The bircarlians used to be regarded as holders of royal privileges granting them special rights in the trade with the Sami. This view has also been challenged. The system involving Sami and local tradesmen seems to be much older than the impression given by Swedish authorities in the late middle ages. Bircarlian activities long outdated the royal Swedish colonization of the north. Their independent and decentralised trading traditions are now instead considered important stages in the development of the Swedish unitary national state.
Isaac Olsen was a Norwegian person who went to Finnmark at the beginning of the 1700s and worked there as teacher and preacher among the Sami population until 1716. He wrote a copybook which is preserved today in the Museum of Cultural History, Norway. Parts of this copybook have been published, but the parts on which this article is based, have not been published previously. Mostly written in his own hand, the copybook contains his lectures on history and mythology as well as religious texts for teaching purposes. In addition, the book contains some official documents related to his stay in Finnmark, among other Isaac Olsen’s instructions for his work, issued by the Nidaros bishop Peder Krog, Olsen’s supplications to the Finnmark government officials and their responses to the supplications. The book also contains texts related to contemporary popular culture, such as moral stories, ghost stories and popularized religious texts. The article focuses on the way Isaac Olsen performed his work. At the time, school teaching and mission work went hand in hand, so that Isaac Olsen’s work may also be seen as mission work in Finnmark prior to the formalized mission.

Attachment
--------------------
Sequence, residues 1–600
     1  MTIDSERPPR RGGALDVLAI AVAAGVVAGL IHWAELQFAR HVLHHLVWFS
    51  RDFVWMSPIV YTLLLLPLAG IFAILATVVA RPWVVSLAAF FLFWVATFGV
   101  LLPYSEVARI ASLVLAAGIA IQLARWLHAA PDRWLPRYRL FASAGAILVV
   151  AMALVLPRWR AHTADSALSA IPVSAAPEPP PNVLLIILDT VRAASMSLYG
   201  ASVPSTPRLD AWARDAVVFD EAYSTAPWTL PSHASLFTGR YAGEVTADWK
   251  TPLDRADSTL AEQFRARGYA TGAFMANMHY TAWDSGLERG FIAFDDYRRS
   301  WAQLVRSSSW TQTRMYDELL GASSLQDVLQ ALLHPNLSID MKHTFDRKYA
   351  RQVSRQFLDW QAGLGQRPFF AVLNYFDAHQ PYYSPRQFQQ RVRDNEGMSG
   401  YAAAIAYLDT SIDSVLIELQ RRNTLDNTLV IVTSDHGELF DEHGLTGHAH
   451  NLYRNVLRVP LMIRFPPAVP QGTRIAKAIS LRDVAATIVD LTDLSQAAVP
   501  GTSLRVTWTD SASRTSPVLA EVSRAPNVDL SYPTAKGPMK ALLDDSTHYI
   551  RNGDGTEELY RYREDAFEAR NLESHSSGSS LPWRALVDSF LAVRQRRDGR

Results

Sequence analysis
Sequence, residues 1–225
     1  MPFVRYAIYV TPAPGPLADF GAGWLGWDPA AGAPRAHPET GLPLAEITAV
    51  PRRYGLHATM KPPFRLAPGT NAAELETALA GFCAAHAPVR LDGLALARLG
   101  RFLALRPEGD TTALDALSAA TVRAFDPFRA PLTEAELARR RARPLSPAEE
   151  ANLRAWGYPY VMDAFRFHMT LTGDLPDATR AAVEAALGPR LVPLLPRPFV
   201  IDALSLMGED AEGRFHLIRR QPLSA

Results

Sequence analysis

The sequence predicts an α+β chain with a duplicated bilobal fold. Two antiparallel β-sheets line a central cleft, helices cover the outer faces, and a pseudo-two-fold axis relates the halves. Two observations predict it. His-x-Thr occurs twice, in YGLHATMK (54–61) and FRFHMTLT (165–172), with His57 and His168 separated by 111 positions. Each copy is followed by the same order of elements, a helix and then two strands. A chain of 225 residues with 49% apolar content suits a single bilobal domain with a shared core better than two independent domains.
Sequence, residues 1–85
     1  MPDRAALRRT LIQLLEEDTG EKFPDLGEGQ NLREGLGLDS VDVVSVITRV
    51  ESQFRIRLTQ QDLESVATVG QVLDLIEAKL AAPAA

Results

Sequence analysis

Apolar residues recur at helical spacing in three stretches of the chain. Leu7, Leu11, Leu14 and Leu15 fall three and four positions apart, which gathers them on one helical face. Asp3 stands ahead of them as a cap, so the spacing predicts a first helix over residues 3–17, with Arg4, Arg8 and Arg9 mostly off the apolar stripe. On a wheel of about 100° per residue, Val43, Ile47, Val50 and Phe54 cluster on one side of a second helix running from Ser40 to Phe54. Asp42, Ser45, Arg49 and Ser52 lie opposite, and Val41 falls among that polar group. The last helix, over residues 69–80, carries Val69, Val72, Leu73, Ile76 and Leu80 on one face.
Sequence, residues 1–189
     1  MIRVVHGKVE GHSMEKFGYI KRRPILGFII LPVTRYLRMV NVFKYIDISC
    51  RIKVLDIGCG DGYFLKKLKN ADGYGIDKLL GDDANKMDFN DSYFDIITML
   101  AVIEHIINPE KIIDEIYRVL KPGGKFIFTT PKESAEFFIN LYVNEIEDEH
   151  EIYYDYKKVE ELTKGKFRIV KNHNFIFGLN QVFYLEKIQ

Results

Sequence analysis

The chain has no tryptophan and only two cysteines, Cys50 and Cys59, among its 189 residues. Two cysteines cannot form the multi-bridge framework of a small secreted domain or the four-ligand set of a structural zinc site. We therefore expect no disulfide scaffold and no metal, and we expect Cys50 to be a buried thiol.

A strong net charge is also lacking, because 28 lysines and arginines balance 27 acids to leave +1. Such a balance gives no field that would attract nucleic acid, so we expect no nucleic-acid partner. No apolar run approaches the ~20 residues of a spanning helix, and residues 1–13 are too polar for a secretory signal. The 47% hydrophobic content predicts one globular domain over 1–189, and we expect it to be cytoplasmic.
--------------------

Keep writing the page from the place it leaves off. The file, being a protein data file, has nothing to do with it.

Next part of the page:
Archival leadership and the role of the archivist during the 1800s have been studied by examining two of the leaders of the Norwegian National Archives at that time. Documents from Henrik Wergeland were chosen as he was the first in the position. Michael Birkeland's material was studied because he was in the chair for the longest period. Both of them have made important contributions theoretically and practically to the development of public archives in Norway.
The findings show that the professional challenges met 170 years ago are quite similar to those faced today, even though the medium then was paper, and the hot topic today is digitally transmitted material. The core questions were: What to keep? How to get an overview over the material? How to store it? Who is going to take care of it? How to communicate the information to the users?
The archival description is an important instrument for opening the archives to future users. These descriptions are written by archivists. For the purpose of source criticism, we need to know the role and competence of these authors at different times. Development of archival practice is a leadership task. This task is regrettably little studied.